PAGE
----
By: Chandrashekar Bhat
POLICE Scotland has paused its training programme in Sri Lanka “for the time being” as the force’s activity in the south Asian country is being reviewed.
Its engagement with Sri Lanka where it worked to develop community policing has been halted since May, months after reports that it renewed its contract with Colombo for two years.
While the activity of Police Scotland is being assessed, the force said its officers could not travel to Sri Lanka because of the coronavirus pandemic.
The development comes amid international rights groups’ criticism of Sri Lankan law enforcement agencies for their “abuses”, The Times said.
In its latest report, Human Rights Watch stated that police excesses including extrajudicial killing and torture escalated during the pandemic.
The engagement of the UK and the UN with Sri Lanka without any concrete reforms in safeguarding human rights could appear to endorse the “abusive agencies” of the Indian Ocean nation, the New York-based group’s south Asian director, Meenakshi Ganguly said.
However, Police Scotland’s assistant chief constable Gary Ritchie said human rights have always been at the core of its every action.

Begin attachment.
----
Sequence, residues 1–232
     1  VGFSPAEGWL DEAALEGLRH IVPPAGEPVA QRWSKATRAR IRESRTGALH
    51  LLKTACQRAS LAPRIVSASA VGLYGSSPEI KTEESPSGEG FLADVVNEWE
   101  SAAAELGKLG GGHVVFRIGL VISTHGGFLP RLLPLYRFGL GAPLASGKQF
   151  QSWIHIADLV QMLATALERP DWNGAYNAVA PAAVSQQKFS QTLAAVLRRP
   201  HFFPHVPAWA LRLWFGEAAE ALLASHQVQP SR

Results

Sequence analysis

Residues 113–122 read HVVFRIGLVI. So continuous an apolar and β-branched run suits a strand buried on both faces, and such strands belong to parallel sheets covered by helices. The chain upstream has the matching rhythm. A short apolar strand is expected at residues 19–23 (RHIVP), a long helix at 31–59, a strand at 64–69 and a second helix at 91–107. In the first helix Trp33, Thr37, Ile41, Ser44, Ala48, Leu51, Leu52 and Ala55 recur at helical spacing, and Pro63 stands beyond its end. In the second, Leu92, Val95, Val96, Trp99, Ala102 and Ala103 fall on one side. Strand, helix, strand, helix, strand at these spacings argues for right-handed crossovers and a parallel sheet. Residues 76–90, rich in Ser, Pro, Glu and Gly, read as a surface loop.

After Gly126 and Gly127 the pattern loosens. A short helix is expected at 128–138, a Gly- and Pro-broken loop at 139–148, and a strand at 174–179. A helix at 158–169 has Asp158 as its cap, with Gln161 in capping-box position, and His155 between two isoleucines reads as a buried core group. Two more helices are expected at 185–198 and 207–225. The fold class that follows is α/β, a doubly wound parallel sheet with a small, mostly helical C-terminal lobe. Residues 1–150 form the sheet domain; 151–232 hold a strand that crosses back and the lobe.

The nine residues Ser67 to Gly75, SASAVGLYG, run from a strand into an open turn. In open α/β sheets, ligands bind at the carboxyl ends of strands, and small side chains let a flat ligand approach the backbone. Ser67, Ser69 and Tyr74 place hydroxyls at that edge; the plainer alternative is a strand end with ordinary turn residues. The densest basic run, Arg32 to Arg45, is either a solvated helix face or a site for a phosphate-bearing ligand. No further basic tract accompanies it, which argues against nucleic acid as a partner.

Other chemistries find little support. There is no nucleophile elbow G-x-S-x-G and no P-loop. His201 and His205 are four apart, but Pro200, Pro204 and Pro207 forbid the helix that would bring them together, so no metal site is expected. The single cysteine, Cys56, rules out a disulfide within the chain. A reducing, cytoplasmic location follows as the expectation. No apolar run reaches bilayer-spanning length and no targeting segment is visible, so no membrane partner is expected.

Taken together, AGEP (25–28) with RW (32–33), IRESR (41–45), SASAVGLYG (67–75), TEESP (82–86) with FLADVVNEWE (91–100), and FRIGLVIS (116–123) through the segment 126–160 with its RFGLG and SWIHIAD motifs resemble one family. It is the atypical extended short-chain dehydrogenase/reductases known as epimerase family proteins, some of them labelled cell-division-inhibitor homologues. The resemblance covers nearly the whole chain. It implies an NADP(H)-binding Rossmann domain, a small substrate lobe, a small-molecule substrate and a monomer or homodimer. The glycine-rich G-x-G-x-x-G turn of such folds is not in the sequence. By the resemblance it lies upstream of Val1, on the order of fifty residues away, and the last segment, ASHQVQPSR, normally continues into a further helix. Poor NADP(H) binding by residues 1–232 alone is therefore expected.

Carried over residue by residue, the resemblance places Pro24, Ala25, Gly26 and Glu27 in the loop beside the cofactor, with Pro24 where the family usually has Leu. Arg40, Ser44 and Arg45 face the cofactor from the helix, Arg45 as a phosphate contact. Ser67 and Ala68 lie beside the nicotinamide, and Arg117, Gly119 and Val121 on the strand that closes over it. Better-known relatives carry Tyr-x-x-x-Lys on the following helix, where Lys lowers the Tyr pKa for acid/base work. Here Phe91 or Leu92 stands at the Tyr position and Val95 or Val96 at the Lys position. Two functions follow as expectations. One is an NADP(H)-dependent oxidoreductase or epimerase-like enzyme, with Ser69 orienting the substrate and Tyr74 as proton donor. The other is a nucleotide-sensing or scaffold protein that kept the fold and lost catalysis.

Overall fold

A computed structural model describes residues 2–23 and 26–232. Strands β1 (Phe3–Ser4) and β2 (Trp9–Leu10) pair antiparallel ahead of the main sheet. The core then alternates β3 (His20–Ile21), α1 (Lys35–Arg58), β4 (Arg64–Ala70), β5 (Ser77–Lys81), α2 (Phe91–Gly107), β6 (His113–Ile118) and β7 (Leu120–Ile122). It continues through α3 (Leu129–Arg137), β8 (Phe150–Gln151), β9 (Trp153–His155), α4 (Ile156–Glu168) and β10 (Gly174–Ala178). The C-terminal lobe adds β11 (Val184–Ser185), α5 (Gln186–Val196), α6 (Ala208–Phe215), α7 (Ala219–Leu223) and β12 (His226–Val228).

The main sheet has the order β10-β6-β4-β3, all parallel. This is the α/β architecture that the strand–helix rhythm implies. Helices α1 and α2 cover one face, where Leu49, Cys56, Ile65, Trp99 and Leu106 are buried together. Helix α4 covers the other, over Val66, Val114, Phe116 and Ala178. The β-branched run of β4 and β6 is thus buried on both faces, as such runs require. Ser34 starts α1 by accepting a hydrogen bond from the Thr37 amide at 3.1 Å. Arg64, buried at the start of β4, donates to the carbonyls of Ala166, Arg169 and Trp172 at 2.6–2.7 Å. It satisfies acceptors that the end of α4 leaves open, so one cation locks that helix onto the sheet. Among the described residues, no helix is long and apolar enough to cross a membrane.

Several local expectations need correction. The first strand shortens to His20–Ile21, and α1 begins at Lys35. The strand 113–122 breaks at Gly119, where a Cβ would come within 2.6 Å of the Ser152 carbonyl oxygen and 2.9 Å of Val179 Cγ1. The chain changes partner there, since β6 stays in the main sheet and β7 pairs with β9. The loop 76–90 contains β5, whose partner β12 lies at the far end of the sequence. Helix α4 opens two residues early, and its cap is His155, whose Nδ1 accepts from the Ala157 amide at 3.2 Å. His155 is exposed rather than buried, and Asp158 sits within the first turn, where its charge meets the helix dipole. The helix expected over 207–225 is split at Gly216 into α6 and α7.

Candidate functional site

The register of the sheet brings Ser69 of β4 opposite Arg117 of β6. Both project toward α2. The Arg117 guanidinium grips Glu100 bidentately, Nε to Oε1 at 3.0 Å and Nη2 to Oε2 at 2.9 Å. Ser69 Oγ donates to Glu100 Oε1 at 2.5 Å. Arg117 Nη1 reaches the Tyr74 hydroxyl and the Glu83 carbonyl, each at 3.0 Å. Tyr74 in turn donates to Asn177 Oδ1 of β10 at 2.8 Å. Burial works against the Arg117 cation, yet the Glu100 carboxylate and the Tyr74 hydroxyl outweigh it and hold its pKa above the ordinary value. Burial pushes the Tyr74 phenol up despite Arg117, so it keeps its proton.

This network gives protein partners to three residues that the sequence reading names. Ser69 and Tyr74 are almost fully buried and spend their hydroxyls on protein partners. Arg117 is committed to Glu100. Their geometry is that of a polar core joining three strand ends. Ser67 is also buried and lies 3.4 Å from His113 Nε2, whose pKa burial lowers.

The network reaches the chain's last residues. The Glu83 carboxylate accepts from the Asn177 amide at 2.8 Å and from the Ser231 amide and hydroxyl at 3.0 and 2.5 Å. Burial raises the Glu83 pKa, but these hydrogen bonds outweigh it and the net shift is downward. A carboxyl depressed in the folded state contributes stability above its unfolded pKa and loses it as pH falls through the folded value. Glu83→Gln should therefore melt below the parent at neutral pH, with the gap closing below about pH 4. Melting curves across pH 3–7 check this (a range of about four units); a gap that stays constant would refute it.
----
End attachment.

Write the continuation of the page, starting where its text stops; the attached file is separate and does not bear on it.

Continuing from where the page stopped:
“Police Scotland’s values of integrity, fairness, respect and a commitment to upholding human rights are at the heart of everything we do. This includes our work in Sri Lanka, which supports the realisation of the United Nations’ sustainable development goals, particularly gender equality, reduced inequality, peace and justice, strong institutions and partnerships to achieve the goals”, Ritchie told The Times.
“All UK assistance is subject to robust overseas security and justice assistance [OSJA] assessments to ensure that it supports our values and is consistent with our domestic and international human rights obligations. The OSJA relating to Police Scotland’s current activity in Sri Lanka is currently under review and all our activity is paused for the time being. Officers have not travelled to Sri Lanka since the start of the coronavirus pandemic for public health reasons”.